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Beacon: City of Creatives


Last Updated: 08/13/2013 4:06 pm

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Such interaction can occur when the line between private and public blurs. A current Beacon instance of such is School of Jellyfish, envisioned by Lily Zand and her husband, Oliver Schaper. Both accomplished architects, they came to love Beacon after Schaper was commissioned to design the new Beacon Institute for Rivers and Estuaries building at Denning’s Point. They decided to establish the “village square concept” in nonprofit café form, serving homemade food and chocolate, espresso, performing arts, and free advice on architecture and permaculture. According to Zand, “Architects study amoebic structure and jellyfish for their sustainable organizing abilities.” In an attempt to imitate nonhierarchal jellyfish society, wherein each individual depends on its surroundings for form and survival, Zand hopes to encourage dialog and compassion among patrons.

It is while helping out at Jellyfish that Erica Hauser has found a taste of that typical Beacon support. She noted a conversation that flared up one day when a group of mature Beacon natives wandered in. They reminisced on the way Beacon used to bustle and discussed how it bustles now. They argued over which bakery or furniture store on Main Street was best and seemed grateful at the opportunity to sit, discuss, and remember.

Mixing mature and young, newcomer and native, is a form of union that allows community to flourish. Another such instance occurs at the Martin Luther King Cultural Center. For 40 years, the center has provided local seniors with services like door-to-door rides to health care, Beacon Free Press delivery, and hot, nutritious meals. It is a resource that Executive Director Dot Paulin calls “a way to help the senior population remain part of society.” In 1993, then-concerned citizen Paulin discovered the center had lost its funding. In the midst of her retirement from IBM, she decided to head up the center’s rebirth and enacted the youth program that still creates avenue for teens and children to enter society in a positive manner.

The center is in the process of moving to a new facility, located at the Parish House of St. Luke’s Episcopal Church. The building has a spacious kitchen with tall ceilings and windows and two large iron ranges. The gym shines with large, triangular windows on three sides, suitable not only for sports but banquet dinners and theater performances. Not only a physical change, the center’s expansion will also mean a conscious blending of the center’s two target populations. For instance, a Circle of Life Chorus is now being proposed that will allow participants of all ages. Paulin also enthusiastically welcomes a connection with the art scene of Beacon, an idea born in 2000 when artist Nestor Madalengoitia led MLK youth in a mural painting of the old Beacon-Newburgh Ferry at the corner of Main and Chestnut. Paulin hopes for similar, future engagement in saying, “We have enough artists in eacon that if each gave an hour or two a month, we could really have a real community connection.”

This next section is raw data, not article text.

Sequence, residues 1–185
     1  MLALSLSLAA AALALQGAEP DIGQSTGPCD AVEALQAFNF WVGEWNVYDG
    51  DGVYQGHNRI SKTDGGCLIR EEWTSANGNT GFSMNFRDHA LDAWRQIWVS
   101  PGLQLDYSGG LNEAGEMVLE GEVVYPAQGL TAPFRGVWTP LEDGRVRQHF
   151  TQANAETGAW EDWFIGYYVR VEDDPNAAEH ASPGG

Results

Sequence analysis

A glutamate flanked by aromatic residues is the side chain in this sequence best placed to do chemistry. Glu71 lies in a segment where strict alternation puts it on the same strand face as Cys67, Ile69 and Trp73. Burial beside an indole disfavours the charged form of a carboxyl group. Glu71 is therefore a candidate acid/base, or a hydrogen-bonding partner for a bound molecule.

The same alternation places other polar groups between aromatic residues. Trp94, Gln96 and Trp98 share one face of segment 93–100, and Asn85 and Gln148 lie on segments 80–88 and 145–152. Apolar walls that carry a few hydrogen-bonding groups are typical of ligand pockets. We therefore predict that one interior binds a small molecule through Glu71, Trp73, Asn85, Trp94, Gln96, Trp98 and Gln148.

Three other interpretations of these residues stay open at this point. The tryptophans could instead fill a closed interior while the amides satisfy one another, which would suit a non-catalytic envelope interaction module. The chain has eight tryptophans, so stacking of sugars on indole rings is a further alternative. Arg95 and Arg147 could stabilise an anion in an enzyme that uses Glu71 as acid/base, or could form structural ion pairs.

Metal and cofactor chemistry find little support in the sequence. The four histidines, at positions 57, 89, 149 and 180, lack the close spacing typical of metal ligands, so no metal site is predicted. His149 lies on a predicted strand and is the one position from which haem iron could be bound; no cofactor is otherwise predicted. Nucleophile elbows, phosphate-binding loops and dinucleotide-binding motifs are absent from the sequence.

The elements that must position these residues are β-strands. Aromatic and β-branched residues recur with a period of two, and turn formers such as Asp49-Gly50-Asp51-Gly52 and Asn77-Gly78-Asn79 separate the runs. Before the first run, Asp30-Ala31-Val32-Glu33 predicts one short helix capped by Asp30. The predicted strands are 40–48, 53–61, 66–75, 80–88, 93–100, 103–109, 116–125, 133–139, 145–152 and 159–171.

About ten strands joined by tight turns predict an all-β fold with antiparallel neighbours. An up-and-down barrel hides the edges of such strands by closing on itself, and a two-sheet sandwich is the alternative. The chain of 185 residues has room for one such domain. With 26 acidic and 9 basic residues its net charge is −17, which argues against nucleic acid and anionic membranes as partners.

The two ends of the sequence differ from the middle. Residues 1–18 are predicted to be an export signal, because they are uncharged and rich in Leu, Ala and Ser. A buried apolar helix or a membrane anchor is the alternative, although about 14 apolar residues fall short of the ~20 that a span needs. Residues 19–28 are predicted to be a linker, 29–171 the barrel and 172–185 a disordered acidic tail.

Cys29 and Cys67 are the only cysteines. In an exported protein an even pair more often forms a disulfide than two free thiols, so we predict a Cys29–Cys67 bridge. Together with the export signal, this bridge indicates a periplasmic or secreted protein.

River Music
On an early spring evening music swells on the patio of the Bank Square Coffeehouse, situated at the very end of Main Street as it meets 9D, allowing sound to carry over the lands leading to the Hudson and beyond. On Tuesday evenings, the cafe hosts an open mike and always attentive in the crowd is Miss Vickie. Offering nurturing music instruction in an intimate, nearby storefront, Miss Vickie is lovingly conjuring a music scene on the west side of Beacon with friend Tom Joyce, a longtime Beacon resident who emcees the open mike. The café is the starting place for what Vickie hopes to expand to summer music events on a well-used empty lot further down Main Street.

The seeds of music being cultivated on the west end are a preview of other music destinations, including Chill Wine Bar’s Saturday night jazz series and Max’s on Main’s local music shows in its vibrant social setting. On the east end, a little thing called Local 845 has also been born. Stephen Clair, long-time touring musician and founder of Local 845, became an organizing music guru for Beacon after he and his family left Brooklyn.

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